Introduction

Iron is one of several metals that are essential for normal cellular processes. Its primary role in mammalian biology is to bind oxygen in hemoglobin and myoglobin. It is also involved in the enzymatic transfer of electrons by cytochromes, peroxidases, ribonucleotide reductases and catalases. However, the same properties that make iron useful for these functions can also lead to cellular damage when iron is present in excess. Normally, proteins constrain the activity of iron, but when their iron-binding capacity is exceeded, free iron promotes the formation of reactive oxygen species that attack cellular lipids, proteins and nucleic acids. Thus, iron balance must be carefully maintained to avoid the deleterious effects of iron deficiency and iron overload. All known disorders of iron metabolism can be considered abnormalities of iron balance.

There is no physiological excretion mechanism for iron: iron losses result only from bleeding and exfoliation of skin and mucosal cells. Under normal conditions, iron enters the body exclusively by dietary absorption, and absorption is meticulously regulated to balance the small losses. Iron balance is disrupted when intake and losses are not matched. Iron deficiency occurs when the dietary iron supply is inadequate, when losses are increased (primarily because of bleeding) or when both of these circumstances are present. Iron overload results when iron absorption is inappropriately increased due to genetic defects in iron regulatory proteins, or when repeated blood transfusions create a substantial iron burden.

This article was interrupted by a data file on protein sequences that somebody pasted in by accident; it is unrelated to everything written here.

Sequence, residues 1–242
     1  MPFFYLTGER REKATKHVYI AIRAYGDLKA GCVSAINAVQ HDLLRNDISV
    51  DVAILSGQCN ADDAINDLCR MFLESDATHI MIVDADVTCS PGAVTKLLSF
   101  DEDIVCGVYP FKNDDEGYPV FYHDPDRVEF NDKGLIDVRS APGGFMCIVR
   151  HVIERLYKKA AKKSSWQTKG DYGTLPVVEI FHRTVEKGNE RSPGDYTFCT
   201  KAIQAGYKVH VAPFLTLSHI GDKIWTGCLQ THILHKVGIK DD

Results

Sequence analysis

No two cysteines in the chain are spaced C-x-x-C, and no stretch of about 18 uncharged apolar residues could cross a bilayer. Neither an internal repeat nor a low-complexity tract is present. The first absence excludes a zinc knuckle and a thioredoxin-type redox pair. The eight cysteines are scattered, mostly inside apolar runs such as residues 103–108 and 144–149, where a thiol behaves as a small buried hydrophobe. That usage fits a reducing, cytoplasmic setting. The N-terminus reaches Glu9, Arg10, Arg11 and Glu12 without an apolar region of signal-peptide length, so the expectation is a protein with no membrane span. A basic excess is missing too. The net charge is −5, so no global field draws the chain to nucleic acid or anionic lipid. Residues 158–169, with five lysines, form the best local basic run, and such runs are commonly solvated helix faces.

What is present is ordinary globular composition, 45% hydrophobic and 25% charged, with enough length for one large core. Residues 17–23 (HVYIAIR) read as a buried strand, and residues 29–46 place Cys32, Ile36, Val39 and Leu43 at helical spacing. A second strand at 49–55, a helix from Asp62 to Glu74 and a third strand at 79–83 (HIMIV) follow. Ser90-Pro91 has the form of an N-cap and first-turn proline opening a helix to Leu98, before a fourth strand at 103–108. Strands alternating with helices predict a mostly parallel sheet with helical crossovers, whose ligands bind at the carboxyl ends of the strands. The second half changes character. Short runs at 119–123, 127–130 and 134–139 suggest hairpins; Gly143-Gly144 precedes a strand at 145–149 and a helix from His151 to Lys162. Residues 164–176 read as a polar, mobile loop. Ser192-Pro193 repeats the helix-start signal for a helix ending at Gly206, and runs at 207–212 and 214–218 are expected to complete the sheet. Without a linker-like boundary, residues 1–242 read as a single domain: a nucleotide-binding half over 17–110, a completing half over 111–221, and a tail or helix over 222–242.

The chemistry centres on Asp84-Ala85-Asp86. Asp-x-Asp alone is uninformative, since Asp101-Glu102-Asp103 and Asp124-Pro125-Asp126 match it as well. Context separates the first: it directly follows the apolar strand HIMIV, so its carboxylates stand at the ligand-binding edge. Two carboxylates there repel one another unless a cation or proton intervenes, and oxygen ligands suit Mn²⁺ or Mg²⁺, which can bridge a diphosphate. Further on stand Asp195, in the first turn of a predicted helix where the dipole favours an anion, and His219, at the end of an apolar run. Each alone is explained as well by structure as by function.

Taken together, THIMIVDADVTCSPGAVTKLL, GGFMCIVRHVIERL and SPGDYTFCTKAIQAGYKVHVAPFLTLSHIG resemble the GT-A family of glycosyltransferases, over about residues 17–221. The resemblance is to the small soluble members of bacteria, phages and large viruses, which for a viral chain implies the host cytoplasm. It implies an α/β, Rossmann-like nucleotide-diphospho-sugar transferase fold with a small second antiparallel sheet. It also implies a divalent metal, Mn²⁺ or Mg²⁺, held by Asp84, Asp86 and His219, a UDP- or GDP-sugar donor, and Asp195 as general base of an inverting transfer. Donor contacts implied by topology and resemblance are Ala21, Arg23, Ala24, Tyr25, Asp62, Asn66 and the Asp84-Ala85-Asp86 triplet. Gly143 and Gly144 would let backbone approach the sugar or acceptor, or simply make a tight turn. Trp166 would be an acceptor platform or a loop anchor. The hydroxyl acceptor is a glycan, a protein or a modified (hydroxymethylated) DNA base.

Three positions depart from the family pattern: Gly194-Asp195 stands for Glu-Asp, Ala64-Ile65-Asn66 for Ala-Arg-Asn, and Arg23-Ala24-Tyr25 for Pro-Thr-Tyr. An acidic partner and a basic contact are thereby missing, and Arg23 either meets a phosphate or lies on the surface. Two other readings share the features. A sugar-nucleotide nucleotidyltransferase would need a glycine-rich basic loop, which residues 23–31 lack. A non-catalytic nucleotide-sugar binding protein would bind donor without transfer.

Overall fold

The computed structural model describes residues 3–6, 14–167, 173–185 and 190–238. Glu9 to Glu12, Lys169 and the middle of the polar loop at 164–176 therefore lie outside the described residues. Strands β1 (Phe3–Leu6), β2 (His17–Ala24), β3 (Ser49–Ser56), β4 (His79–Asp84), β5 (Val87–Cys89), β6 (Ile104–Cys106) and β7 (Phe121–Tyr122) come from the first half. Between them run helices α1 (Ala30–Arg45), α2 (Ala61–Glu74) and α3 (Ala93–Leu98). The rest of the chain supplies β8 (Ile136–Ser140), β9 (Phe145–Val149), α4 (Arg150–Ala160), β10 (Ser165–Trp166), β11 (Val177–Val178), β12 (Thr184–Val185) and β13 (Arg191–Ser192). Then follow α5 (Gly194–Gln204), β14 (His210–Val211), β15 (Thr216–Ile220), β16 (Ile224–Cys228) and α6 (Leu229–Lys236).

Our understanding of the molecular processes of iron metabolism has advanced considerably over the last decade, as new techniques in genetics and molecular biology have been applied to problems in this field. Much of what we have learned has come from the study of animals with spontaneous and induced mutations in genes important for the transport and storage of iron. It is widely assumed that information gleaned from experiments in rodents can be directly extrapolated to humans. It is clear that iron metabolism is very similar among mammalian species, validating this approach.

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